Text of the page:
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LOCALIZATION - A Global Manifesto
by Colin Hines
Published by Earthscan
Price £10.99 ISBN 1-85383-612-5

The 'Battle of Seattle' in 2000, stopped the World Trade Organization in its tracks and was symptomatic of the growing world-wide opposition to globalization. It is now time for a coherent alternative to emerge to take its place and this is what is comprehensively detailed in Colin Hines' new book.

Colin Hines moves the debate about globalization beyond issue-specific horror stories such as banana and beef hormone wars, GM food, and leg-hold traps. Instead he focuses on what should be the goal of world trade and how radical change might be achieved.

He issues a blatant and heretical call for the rejection of the worldwide theology of globalization and international competitiveness. Unless this occurs, social, community, environmental and third world campaigners, trades unions and small businesses will win the odd skirmish, but continue to lose the war.

Hines shows how 'it is crucial to play the globalizers at their own game. They have a clear end goal in view: maximum trade and money flows for maximum profit. From this end goal comes a clear set of policies and trade rules supporting their approach. Those seeking a more just, secure and environmentally sustainable future need to be clear about their own end goal and the policies for achieving it. This book has been written to kick-start the debate. It aims to produce a 'mindwrench' away from simply opposing globalization towards the policies that will deliver its alternative - localization.

Localization reverses the trend of globalization by discriminating in favour of the local. Depending on context, the 'local' may be part of a nation state, the state itself or even a regional grouping of states. At the heart of localization is a rejection of today's environmentally and socially damaging subservience to the shibboleth of 'international competitiveness'.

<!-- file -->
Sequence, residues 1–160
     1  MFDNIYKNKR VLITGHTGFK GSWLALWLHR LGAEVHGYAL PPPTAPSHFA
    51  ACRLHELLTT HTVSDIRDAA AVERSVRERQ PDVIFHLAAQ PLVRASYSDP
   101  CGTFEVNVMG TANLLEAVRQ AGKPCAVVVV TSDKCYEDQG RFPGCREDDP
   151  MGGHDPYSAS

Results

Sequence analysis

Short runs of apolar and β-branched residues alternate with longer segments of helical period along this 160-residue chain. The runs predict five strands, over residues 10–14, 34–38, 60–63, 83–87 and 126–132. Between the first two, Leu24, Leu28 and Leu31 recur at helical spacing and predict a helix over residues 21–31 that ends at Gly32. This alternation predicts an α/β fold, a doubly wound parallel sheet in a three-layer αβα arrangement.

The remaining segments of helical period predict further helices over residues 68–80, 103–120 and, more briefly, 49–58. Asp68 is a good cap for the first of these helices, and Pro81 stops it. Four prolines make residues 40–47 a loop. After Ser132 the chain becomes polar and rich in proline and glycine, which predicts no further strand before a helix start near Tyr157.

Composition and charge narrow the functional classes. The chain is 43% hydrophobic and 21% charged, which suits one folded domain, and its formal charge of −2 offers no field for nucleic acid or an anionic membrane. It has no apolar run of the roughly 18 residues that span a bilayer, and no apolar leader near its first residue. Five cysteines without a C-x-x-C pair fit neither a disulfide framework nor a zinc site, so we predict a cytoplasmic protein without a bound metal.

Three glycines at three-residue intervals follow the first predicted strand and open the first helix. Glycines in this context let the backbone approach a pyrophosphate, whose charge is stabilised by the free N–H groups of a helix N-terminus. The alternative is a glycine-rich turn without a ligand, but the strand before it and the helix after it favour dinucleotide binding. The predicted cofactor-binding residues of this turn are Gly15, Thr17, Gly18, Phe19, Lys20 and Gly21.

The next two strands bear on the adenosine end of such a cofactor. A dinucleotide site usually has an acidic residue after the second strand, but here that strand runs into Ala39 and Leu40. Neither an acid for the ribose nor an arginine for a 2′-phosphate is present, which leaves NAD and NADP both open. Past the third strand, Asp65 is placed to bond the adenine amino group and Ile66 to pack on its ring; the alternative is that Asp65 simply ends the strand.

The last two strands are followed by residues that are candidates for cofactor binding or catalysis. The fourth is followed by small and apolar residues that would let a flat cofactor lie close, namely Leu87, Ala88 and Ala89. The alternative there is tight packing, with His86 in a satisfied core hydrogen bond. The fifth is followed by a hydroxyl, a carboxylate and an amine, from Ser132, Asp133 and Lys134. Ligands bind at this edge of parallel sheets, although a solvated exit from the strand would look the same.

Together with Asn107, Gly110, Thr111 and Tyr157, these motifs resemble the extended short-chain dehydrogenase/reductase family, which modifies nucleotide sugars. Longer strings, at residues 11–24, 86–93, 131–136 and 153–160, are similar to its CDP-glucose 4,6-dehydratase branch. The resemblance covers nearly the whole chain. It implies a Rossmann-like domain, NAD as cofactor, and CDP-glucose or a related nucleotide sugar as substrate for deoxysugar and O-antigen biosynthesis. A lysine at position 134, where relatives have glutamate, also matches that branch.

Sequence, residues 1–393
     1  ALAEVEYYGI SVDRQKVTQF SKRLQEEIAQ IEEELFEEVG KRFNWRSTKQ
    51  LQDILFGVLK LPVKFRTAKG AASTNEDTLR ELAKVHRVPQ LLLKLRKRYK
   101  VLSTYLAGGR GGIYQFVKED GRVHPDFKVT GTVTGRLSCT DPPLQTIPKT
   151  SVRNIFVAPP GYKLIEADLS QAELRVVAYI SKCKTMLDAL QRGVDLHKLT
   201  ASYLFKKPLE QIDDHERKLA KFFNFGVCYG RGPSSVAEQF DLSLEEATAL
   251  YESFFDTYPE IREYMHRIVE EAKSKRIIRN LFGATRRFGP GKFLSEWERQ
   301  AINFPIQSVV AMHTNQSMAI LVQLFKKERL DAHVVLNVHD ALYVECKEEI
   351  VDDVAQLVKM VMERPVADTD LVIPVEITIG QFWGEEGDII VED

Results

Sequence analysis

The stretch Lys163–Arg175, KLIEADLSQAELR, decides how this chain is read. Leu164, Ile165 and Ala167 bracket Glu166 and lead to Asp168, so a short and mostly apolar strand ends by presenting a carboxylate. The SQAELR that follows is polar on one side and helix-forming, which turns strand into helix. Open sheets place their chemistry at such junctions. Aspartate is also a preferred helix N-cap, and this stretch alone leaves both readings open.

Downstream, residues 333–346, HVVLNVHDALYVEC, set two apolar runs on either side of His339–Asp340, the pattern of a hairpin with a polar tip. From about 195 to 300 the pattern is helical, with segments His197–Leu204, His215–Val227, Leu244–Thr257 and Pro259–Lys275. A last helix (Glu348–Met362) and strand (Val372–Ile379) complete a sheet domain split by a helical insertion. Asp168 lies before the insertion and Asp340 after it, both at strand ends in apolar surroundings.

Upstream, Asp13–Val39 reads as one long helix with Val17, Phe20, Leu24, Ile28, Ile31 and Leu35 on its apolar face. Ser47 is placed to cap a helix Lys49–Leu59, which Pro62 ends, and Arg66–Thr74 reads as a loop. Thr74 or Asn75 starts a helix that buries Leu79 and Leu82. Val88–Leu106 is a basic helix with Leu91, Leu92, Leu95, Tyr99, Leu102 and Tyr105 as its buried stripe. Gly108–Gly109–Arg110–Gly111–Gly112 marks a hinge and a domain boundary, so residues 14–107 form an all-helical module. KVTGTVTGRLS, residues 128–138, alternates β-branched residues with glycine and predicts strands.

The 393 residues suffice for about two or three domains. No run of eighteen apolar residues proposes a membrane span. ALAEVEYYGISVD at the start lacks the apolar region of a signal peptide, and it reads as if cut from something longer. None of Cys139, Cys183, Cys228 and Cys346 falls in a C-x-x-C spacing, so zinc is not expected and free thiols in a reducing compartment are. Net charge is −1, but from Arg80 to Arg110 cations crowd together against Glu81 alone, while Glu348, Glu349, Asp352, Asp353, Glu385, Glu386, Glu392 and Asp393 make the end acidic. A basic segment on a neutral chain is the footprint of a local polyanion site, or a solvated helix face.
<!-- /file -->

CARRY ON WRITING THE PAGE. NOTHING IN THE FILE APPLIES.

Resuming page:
In its place we must prioritize local production and the protection and diversification of local economies. What can sensibly be produced within a nation or a region should be. Long-distance trade should supply only what cannot be produced within the local economy.

Localizing policies will increase control of the economy by communities and nations, creating greater social cohesion, reduced poverty and inequality, improved livelihoods, social infrastructure and environmental protection, and with these, a marked enhancement of the all important sense of security.

Localization is not about restricting the flows of information, technology, trade, investment, management and legal structures that themselves further localization. These would be encouraged by the new localist emphasis in global aid and trade rules, and such transfers would play a crucial role in the transition from globalization to localization.

The rules for this diminished international sector would be those of the 'fair trade' movement, giving preference to goods supplied in a way that is of benefit to workers, the local community and the environment. Beggar-your-neighbour globalization would give way to better-your-neighbour localization.

This is not a return to overpowering state control, or an attempt to put the clock back, but the provision of a policy and economic framework which allows people, community groups and businesses to rediversify their own local economies.